There’s nothing like looking up at the starry sky to take your eyes off the news cycle. This year, luckily, the Leonid meteor shower will be streaking across the sky from Friday, November 6 through Monday, November 30, and since the moon will be in crescent form, the shower will be highly visible. You should still try to watch from a place with low light pollution, however.
The shower is expected to peak on the evening of November 16 and early morning of November 17, between midnight and dawn. You’ll want to let your eyes adjust to the darkness for 20 minutes before viewing — so give yourself some lead time.
It’s called the Leonid shower because the meteor seems to originate from a point in the Leo constellation. The streaks we see in the sky are caused by particles as small as a grain of sand, which are responsible for the brilliant visuals. When the cometary debris enters Earth’s atmosphere at 43 miles per second, the debris is vaporized, resulting in the streaks.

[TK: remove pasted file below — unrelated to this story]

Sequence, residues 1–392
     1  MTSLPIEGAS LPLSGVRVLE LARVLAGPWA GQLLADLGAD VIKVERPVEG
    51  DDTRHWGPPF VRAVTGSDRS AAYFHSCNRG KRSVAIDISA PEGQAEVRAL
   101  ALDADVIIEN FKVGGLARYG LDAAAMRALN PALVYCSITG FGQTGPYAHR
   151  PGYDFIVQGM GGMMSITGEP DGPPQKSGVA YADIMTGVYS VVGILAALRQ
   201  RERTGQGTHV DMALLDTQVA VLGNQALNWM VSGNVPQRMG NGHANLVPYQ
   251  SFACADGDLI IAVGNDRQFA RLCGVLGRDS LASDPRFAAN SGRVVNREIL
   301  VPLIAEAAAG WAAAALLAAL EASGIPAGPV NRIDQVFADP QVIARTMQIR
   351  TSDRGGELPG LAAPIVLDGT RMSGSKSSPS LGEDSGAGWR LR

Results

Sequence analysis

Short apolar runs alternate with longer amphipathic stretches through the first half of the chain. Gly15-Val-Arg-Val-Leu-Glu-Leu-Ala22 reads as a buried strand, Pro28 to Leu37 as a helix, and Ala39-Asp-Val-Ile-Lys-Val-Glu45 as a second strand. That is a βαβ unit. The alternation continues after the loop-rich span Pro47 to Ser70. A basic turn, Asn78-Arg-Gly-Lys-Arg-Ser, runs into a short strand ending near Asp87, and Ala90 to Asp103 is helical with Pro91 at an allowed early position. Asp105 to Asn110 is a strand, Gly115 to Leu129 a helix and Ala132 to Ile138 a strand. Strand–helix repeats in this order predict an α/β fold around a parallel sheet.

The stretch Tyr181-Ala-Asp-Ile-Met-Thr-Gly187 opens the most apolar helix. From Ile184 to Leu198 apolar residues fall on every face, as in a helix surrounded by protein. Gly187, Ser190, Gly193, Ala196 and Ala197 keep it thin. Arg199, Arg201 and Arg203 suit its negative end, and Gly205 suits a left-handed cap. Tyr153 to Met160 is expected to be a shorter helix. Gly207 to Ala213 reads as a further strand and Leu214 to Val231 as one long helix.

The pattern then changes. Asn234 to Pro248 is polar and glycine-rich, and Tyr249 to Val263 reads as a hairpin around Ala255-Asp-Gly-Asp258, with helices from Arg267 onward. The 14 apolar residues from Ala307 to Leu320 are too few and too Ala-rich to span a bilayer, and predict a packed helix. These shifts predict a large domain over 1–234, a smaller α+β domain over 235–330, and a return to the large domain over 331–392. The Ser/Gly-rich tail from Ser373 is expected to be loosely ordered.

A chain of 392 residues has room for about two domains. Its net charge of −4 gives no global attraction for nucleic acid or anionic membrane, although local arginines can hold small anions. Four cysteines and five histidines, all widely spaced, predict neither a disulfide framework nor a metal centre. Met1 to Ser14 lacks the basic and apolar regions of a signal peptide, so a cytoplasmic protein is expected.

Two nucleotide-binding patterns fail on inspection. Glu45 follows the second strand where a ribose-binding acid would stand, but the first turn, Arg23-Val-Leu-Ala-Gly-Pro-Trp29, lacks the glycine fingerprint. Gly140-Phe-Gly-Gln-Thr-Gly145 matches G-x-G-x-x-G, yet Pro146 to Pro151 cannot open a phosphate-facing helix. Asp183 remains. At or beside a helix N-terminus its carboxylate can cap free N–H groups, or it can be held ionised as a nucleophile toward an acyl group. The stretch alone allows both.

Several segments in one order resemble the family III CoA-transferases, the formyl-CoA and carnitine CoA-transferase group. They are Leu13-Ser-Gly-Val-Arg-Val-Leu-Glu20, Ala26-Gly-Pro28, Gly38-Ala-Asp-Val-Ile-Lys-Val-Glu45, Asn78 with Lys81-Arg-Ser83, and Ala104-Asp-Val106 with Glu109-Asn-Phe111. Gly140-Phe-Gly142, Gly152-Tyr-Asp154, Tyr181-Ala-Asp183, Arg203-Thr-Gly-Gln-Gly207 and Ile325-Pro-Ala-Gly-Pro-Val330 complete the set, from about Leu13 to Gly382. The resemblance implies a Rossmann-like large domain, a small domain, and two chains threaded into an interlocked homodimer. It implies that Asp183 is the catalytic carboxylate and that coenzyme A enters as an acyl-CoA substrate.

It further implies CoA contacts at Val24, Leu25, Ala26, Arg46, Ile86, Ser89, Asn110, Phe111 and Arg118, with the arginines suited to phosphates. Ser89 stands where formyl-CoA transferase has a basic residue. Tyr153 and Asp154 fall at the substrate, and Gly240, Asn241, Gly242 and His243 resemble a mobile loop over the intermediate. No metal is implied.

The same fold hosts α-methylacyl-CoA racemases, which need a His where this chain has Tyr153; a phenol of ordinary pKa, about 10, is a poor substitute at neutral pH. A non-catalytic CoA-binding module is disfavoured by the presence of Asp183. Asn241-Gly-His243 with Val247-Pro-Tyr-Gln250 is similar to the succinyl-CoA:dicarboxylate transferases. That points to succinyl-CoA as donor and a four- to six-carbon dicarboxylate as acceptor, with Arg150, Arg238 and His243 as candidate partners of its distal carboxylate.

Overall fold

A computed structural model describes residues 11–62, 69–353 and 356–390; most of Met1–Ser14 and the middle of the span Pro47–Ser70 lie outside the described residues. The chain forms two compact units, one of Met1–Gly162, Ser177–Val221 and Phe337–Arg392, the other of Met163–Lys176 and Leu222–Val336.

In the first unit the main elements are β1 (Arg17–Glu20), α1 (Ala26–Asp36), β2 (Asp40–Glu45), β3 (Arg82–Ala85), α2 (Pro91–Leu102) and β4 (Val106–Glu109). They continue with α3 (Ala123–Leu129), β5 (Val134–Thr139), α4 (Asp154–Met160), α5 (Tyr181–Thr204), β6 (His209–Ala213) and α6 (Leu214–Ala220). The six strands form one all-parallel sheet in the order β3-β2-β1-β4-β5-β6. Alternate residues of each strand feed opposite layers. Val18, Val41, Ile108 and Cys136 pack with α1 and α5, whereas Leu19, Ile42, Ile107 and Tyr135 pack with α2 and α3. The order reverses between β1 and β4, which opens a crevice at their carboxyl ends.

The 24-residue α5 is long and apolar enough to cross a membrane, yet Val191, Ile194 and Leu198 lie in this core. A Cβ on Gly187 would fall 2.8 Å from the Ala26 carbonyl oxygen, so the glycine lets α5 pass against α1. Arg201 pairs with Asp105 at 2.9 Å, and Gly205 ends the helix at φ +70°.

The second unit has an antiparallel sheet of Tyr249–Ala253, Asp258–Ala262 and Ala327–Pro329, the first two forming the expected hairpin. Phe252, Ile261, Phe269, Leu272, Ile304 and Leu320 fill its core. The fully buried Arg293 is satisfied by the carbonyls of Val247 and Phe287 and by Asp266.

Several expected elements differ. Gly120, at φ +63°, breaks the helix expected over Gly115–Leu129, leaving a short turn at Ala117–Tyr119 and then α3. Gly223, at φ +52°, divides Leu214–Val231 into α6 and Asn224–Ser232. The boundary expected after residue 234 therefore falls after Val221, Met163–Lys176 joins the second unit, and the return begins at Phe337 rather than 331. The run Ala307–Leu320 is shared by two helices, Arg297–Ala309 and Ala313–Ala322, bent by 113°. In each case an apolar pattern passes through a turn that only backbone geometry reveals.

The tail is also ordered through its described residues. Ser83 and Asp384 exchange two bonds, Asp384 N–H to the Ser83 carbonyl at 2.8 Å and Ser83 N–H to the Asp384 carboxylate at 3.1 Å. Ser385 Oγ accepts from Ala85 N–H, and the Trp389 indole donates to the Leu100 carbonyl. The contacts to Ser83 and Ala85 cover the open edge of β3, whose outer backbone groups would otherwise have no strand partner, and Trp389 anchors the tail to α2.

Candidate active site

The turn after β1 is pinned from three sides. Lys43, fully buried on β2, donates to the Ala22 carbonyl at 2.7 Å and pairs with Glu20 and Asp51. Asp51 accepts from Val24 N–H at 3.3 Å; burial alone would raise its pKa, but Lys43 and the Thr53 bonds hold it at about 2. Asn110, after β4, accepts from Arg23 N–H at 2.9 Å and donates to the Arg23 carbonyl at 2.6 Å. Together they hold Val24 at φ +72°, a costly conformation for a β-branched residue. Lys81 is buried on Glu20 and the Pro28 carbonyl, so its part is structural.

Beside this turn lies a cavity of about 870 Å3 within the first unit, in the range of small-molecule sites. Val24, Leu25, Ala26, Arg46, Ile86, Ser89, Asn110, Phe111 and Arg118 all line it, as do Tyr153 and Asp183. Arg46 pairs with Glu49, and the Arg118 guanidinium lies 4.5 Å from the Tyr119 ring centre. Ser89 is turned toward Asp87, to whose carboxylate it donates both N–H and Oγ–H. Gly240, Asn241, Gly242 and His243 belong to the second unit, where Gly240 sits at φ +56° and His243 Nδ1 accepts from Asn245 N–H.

The Leonid shower is one of the faster and brighter annual showers, producing a prolific number of meteors, so if you’re going to catch one shower this year it should probably be this one.